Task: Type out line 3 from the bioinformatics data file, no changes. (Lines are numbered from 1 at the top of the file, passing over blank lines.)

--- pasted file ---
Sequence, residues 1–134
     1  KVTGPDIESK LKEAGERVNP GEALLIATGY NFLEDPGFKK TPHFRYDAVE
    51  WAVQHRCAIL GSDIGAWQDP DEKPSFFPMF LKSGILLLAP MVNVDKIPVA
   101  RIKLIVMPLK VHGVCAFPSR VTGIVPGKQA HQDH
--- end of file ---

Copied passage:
    51  WAVQHRCAIL GSDIGAWQDP DEKPSFFPMF LKSGILLLAP MVNVDKIPVA